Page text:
I could write pages and pages on the pros and cons of prioritising either your university degree or travel and I would still not have a definitive answer; this is because I strongly support finding a balance between the two pursuits. We are often lead to believe that attaining both of these things simultaneously is impossible but over the past two years of my degree I have found that this is not the case!

1. Utilize University Holidays

“But my uni holidays are not long enough, and it is difficult for me to take leave from my job!”

Yep. This is undoubtedly a huge obstacle to overcome, but with careful planning and organization it can be done. This is how I have traveled during university holidays in the past:

Step 1: Realistically decide how long you will be able to go away for.

  • Check how much annual leave you have accrued.
  • Ask workmates about their experience with getting leave.
  • Check your academic calender for your university holidays.

Step 2: Decide on a destination you will be able to fully appreciate in the time you have allocated.

There is nothing worse than leaving a holiday feeling like you missed out on a lot of important attractions that drew you to choosing the destination in the first place. Consequently, I have always worked out how much time I could get off work/how many days of uni break I had before I even started thinking about where I wanted to go. As someone who is open to traveling anywhere in the world, I had a very broad spectrum to work with when finding an appropriate place for the time constraints.  If you have a specific country in mind, try and reduce the number of places you visit and rather, spend a longer time in each place to ensure you leave feeling like you properly experienced the destination.

Step 3: Ask for the time off well in advance

For example, in preparation for my 11 day break at the end of 2013, I requested leave a year in advance. For my 4 week break in 2012 I requested leave a year and a half in advance. This takes a lot of forethought and cannot always be done but once you depart you will realise it was all worth the planning!

2. Overseas Study Exchange

Lets say a short break isn’t long enough for you, the destination you have in mind will take well over a month to fully explore and taking time off work for that long isn’t an option. A study exchange is your answer. This means you will not be behind in your degree and be able to see more of the world.

*”But if I am gone for 6 months to a year, I will lose my job?”*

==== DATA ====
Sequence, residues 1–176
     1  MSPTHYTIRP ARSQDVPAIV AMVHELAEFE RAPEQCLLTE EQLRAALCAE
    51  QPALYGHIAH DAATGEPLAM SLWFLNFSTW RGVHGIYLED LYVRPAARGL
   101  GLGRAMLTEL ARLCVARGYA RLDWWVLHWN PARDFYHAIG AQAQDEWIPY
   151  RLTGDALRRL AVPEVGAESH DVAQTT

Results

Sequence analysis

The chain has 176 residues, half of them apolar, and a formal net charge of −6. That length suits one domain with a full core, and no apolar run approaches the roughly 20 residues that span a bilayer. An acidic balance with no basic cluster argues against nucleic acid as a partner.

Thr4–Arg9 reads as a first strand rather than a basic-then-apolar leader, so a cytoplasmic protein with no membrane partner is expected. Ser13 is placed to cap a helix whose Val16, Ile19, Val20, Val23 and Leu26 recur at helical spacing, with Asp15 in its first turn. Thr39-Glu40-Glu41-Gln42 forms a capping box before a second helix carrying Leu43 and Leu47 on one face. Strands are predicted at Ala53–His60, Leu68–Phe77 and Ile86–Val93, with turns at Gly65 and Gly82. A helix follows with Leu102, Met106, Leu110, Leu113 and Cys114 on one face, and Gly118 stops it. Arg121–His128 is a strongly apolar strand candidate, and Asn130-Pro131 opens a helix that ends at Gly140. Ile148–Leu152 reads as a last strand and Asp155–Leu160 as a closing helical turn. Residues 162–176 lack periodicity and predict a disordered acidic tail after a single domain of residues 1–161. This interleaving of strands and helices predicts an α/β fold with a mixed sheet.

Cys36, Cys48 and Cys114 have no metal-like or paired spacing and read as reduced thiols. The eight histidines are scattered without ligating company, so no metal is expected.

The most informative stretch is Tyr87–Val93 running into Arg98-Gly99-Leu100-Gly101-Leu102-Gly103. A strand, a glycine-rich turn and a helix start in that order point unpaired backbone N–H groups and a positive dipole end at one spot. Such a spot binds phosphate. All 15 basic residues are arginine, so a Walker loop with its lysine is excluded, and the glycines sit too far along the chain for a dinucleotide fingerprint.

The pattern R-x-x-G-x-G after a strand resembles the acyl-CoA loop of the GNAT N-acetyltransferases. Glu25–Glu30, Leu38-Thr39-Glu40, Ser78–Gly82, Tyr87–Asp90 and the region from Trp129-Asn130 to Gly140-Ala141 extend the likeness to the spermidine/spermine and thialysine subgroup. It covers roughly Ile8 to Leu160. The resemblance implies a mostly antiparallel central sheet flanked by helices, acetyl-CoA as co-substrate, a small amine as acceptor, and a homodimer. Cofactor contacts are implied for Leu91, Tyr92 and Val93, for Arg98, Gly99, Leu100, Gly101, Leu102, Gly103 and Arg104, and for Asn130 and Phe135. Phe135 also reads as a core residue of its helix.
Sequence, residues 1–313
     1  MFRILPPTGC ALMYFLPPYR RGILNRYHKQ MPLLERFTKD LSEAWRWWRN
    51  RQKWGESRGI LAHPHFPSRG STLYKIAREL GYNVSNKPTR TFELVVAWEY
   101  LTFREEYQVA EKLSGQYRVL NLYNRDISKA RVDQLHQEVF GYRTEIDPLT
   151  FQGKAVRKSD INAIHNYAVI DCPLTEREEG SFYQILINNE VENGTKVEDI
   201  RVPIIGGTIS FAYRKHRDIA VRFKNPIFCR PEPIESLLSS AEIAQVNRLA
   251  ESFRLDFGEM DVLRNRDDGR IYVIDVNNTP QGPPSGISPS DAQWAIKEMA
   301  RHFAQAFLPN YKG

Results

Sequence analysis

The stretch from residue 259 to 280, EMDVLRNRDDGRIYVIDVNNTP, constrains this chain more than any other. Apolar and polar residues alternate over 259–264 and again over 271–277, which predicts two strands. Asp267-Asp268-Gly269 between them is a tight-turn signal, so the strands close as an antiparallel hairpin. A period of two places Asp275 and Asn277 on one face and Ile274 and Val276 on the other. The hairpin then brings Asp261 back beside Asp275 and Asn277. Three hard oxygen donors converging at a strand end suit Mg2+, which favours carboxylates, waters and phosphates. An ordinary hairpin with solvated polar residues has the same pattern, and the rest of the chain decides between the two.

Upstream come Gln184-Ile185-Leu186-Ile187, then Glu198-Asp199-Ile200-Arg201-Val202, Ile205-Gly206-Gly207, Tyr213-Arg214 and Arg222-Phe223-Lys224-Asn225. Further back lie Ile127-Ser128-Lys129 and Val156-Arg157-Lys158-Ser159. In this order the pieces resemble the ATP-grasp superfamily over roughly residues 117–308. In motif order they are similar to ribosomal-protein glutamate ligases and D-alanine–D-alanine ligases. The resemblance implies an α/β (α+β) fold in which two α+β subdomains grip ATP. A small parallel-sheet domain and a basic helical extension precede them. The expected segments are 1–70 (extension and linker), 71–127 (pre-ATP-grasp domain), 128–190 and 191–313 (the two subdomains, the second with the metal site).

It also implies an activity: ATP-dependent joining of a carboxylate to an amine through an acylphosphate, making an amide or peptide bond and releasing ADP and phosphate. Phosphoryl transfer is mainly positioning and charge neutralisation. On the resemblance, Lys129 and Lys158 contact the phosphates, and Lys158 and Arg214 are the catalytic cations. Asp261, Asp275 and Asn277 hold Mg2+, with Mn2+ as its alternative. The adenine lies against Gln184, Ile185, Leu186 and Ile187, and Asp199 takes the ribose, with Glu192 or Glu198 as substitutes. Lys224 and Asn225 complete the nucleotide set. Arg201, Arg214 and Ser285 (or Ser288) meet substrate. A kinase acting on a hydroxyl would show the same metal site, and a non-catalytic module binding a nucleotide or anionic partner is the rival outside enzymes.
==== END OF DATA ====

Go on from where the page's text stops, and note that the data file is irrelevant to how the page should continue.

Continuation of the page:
Personally, by the time I leave for exchange I will have worked for my employer for 3 years. This means I can apply for a ‘career break’ where I will be guaranteed a position when I return due to my loyalty to the company so far. So do not just assume you will lose your job! Talking to your employer may be daunting, but often they can be just as enthusiastic at the prospect of you embarking on such an amazing opportunity. Talking to them well in advance is also a sign of organization and thoughtfulness which will reflect well (instead of telling them with no warning that they will be an employee short!).

If this fails, then try and stay optimistic about the prospects of getting a new job when you return. I would even start applying before you leave so that when you return you either already have a position, or at least have the wheels in motion.

*2016 Edit* During my 1 year on exchange I ended up travelling to 5 continents, 38 countries and over 70 cities and towns – it can be done!

3. Defer for 6 months then make up the units in a Summer Semester

So you’ve gotten to the latter end of this guide and you’re still thinking “none of these options are for me. I will not get the experience I want over a short break or with study being a large aspect of the trip, I need a real holiday.” Cue option 3: Deferring your course months is something many people do throughout their time at university. You stay enrolled in your degree, 6 months goes past in no time and if you make up the uni in a summer semester you are not behind the rest of your cohort.

Overall, during my 2.5 years of university so far I have gone to New Zealand, Malaysia, The United States of America and embarked on a 11 day cruise to New Caledonia, Vanuatu and Fiji whilst studying full time and maintaining a part time job. If you had told me at the end of high school that all this was possible I would have been skeptical, but I encourage you to try and find the balance because travel and university are both invaluable experiences!

What are your experiences with university or travel? Feel free to comment below!